Biomass-derived jet (bio-jet) fuel has become a key element in the aviation industry's strategy to reduce operating costs and environmental impacts. Researchers from the oil-refining industry, the aviation industry, government, biofuel companies, agricultural organizations, and academia are working toward developing a commercially viable and sustainable process that produces a long-lasting renewable jet fuel with low production costs and low greenhouse emissions. This jet fuel, additionally, must meet ASTM International specifications and potentially be a 100% drop-in replacement for current petroleum jet fuel. In this study, the current technologies for producing renewable jet fuels, categorized by alcohols-to-jet, oil-to-jet, syngas-to-jet, and sugar-to-jet pathways are reviewed. The main challenges for each technology pathway, including conceptual process design, process economics and life-cycle assessment of greenhouse gas emissions are discussed. Although the feedstock price and availability and energy intensity of the process are significant barriers, biomass-derived jet fuel has the potential to replace a significant portion of conventional jet fuel required to meet commercial and military demand.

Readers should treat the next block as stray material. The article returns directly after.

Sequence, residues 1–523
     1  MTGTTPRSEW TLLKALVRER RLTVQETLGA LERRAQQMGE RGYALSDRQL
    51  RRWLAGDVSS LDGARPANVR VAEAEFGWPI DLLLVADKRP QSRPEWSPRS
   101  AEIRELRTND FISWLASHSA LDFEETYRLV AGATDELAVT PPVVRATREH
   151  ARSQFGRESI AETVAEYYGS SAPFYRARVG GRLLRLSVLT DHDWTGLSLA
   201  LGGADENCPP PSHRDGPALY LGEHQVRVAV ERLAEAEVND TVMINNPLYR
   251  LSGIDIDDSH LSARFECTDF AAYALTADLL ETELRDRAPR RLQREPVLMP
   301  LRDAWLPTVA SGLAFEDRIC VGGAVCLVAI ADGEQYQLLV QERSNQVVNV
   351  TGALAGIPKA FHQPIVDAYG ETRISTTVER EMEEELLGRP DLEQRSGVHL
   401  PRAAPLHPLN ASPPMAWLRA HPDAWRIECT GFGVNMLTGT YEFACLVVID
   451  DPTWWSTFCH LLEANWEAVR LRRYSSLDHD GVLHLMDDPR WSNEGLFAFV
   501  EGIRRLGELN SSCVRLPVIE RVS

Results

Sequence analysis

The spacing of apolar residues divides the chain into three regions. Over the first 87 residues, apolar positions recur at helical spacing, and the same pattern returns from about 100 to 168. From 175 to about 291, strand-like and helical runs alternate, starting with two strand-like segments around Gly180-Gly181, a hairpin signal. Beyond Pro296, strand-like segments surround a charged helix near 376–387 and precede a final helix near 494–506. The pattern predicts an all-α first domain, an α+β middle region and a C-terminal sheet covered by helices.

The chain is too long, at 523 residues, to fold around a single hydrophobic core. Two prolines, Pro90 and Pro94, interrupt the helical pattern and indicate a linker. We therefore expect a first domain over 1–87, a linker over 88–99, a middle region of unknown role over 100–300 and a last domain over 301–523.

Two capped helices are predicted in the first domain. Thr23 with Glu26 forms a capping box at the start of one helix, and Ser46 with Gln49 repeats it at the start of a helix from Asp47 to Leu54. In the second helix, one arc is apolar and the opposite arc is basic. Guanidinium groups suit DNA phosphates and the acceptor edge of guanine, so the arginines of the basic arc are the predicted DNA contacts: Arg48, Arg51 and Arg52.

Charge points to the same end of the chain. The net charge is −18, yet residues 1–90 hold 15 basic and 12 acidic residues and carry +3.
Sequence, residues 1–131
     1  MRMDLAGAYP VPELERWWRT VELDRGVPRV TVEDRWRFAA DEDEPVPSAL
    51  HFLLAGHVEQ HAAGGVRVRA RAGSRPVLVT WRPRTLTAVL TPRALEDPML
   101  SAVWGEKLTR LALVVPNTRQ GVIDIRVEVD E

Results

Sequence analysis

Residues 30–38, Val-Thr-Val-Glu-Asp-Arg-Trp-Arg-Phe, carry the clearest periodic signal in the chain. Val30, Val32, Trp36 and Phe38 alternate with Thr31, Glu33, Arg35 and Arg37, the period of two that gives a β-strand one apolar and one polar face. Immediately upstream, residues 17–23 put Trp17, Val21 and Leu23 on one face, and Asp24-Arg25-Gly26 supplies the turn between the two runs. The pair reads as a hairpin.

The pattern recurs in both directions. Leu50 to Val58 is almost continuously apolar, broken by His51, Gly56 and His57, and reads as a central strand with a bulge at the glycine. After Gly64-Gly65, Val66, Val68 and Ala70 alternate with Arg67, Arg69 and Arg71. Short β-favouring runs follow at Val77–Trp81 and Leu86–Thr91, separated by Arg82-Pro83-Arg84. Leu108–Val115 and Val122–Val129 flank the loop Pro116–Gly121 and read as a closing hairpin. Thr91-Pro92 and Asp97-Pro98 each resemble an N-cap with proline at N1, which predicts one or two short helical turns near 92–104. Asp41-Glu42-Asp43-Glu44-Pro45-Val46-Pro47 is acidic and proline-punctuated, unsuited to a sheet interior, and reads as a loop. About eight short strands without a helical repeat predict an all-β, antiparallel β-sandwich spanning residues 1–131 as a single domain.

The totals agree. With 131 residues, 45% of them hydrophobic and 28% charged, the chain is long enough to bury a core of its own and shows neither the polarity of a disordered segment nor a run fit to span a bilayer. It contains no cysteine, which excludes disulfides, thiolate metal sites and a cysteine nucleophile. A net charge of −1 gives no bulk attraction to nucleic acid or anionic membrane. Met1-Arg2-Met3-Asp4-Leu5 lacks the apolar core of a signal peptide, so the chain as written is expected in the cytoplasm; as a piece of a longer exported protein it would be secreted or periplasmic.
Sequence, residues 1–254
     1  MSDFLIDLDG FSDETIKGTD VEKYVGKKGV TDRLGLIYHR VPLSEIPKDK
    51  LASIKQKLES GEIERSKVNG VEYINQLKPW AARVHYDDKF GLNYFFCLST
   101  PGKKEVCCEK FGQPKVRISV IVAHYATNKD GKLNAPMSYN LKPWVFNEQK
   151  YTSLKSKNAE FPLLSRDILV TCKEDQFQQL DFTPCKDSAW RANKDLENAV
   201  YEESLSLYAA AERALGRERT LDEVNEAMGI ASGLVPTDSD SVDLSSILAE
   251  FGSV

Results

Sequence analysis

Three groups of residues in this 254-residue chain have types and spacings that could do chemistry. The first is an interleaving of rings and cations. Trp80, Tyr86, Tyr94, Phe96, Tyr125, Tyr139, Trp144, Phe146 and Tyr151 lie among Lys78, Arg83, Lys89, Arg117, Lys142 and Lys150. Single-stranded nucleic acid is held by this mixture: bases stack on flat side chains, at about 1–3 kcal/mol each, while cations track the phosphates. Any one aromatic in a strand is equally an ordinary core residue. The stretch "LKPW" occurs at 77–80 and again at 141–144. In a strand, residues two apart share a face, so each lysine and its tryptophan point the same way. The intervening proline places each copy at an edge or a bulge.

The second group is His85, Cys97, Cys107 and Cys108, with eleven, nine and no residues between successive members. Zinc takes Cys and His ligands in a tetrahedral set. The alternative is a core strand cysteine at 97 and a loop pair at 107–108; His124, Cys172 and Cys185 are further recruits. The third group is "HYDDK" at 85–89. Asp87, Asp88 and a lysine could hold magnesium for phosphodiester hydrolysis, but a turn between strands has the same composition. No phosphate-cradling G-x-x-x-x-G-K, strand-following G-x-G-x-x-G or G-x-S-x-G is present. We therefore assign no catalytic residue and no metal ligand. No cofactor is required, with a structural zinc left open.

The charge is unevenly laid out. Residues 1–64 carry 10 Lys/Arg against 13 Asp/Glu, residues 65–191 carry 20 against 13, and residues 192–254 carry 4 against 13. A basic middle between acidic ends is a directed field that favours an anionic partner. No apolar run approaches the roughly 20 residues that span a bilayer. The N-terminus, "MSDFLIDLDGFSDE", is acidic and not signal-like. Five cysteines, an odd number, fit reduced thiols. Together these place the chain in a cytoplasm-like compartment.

All Science Journal Classification (ASJC) codes
- Renewable Energy, Sustainability and the Environment